Eggs stuck to rump feathers

Discussion in 'Chicken Behaviors and Egglaying' started by MixedFlock61, Oct 21, 2015.

  1. MixedFlock61

    MixedFlock61 Just Hatched

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    I saw a thread from 2013 on this subject but didn't find any solutions so I am restarting a thread.
    I couldn't figure out why one of my hens would lay in the nest for over an hour and then jump out "expelling" the egg on the hen house floor. I got my answer today. Three nests had hens in them (one being my problem layer) so I decided to watch. Hen #1 puffed up, stood up and layed her egg, left the nest and went outside. Hen #2 did the same thing. Hen #3, puffed up (stayed laying) and then stood up. I couldn't see an egg so I blocked her from exiting the nest. She turned around and there it was, stuck to her rump feathers. Reasoning tells me, she stays laying down when the egg comes out, as the bloom dries, it keeps the eggs stuck to her rear, when she exits the nest, the first hop sends the egg crashing to the floor. I don't want to trim her Downey butt feathers so I am hoping to find a solution to this problem. It seems that the bloom on very smooth shelled eggs tends to be sticky. I have one blue layer that has a rougher textured shell and the bloom is not sticky.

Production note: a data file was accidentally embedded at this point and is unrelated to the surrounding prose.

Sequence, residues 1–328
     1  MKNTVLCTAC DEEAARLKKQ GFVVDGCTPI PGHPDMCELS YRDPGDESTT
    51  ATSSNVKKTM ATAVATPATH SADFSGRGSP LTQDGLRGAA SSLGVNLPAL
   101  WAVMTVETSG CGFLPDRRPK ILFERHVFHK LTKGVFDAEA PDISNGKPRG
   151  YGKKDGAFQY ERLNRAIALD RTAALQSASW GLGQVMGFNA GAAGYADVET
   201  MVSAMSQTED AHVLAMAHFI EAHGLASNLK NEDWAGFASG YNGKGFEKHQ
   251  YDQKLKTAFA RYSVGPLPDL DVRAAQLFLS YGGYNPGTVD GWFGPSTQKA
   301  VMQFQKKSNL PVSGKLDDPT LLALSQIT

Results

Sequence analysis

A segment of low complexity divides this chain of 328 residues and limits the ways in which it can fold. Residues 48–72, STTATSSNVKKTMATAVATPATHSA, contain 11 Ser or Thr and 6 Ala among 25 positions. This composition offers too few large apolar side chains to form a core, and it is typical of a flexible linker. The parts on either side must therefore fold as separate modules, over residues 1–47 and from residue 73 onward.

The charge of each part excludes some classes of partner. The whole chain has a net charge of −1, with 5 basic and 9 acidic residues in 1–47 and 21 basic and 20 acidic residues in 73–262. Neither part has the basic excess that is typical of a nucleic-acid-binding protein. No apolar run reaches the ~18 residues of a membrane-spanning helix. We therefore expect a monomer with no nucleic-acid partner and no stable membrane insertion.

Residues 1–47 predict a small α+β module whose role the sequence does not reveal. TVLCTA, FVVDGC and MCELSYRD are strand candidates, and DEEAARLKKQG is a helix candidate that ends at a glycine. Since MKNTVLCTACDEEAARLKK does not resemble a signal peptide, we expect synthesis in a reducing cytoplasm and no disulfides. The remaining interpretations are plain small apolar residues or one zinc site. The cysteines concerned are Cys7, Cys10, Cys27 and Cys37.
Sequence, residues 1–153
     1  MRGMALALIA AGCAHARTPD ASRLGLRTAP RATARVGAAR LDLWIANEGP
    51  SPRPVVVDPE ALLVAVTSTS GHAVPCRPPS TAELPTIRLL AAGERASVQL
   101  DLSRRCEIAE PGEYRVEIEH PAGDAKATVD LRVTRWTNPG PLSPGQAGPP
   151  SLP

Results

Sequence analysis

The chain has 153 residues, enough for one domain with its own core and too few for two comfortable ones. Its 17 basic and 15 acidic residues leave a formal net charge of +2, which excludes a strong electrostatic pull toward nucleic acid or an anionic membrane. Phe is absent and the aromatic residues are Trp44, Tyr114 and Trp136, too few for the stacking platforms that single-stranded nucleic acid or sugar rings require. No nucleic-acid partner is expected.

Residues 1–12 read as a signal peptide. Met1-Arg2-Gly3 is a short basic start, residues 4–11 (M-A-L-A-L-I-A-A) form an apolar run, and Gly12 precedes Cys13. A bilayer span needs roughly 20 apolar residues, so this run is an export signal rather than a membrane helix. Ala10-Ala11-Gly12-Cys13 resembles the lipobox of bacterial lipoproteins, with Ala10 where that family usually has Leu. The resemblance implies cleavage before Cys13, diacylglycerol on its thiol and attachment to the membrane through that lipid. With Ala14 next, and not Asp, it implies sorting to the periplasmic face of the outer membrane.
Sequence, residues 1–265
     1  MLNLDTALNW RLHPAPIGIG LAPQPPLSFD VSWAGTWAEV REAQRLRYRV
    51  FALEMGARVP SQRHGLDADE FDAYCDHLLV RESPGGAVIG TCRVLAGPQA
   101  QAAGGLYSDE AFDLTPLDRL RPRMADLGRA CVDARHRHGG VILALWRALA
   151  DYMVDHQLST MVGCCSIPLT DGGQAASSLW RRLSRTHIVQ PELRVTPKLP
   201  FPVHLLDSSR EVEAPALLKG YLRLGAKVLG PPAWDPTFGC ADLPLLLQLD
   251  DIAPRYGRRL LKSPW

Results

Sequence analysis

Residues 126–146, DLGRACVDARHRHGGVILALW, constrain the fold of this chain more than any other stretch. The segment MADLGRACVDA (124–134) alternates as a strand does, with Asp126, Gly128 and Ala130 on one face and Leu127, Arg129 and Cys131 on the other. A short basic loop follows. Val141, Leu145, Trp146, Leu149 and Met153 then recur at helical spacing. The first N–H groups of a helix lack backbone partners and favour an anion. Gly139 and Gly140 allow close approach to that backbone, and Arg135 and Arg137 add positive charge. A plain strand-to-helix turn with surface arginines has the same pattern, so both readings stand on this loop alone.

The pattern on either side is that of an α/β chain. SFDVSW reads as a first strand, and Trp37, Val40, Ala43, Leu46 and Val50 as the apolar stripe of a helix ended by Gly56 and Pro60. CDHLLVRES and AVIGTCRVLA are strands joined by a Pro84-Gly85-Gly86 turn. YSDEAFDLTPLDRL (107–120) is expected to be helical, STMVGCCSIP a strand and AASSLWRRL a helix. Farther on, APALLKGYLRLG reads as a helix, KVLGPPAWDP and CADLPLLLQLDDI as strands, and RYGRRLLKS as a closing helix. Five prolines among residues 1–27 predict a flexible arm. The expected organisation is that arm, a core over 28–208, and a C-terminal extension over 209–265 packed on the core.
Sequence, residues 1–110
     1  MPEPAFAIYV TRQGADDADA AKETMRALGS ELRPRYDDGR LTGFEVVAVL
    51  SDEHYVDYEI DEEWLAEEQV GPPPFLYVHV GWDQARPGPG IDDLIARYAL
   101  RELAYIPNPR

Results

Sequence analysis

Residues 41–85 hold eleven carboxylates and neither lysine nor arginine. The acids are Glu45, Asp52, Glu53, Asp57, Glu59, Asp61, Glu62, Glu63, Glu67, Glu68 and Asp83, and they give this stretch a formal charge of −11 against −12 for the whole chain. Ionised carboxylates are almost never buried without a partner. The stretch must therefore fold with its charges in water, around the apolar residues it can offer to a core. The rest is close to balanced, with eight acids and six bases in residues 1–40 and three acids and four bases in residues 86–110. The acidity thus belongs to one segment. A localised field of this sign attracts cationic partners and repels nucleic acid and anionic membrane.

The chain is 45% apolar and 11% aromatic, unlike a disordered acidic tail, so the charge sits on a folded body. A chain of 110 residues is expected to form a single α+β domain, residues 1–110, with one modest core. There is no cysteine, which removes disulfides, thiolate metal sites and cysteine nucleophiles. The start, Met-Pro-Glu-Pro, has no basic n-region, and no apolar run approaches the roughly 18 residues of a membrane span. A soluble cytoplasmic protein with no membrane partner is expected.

2. oldhenlikesdogs

    oldhenlikesdogs Lots of Chickens Premium Member

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    Good investigative skills, thanks for the information. Can't help you, but it's a nice thing to know.
     
  3. aart

    aart Chicken Juggler! Premium Member

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    I bet I read the same thread, and think it answered my question about why I found one of my older layers eggs on the floor occasionally.

    Not sure there is an solution, other than trimming butt feathers, or that it's even really a problem.

    I know that some birds have a much more copious and/or thicker bloom that seems to take longer to dry.....
    ......and some seem to have hardly any bloom at all regardless of whether the shell is smooth or rougher.

    Sorry, no pat answer for you...just some thoughts.
    One thing I've learned with chickens, there are a lot of 'anomalies' that defy logic or control.
     
    Last edited: Oct 22, 2015

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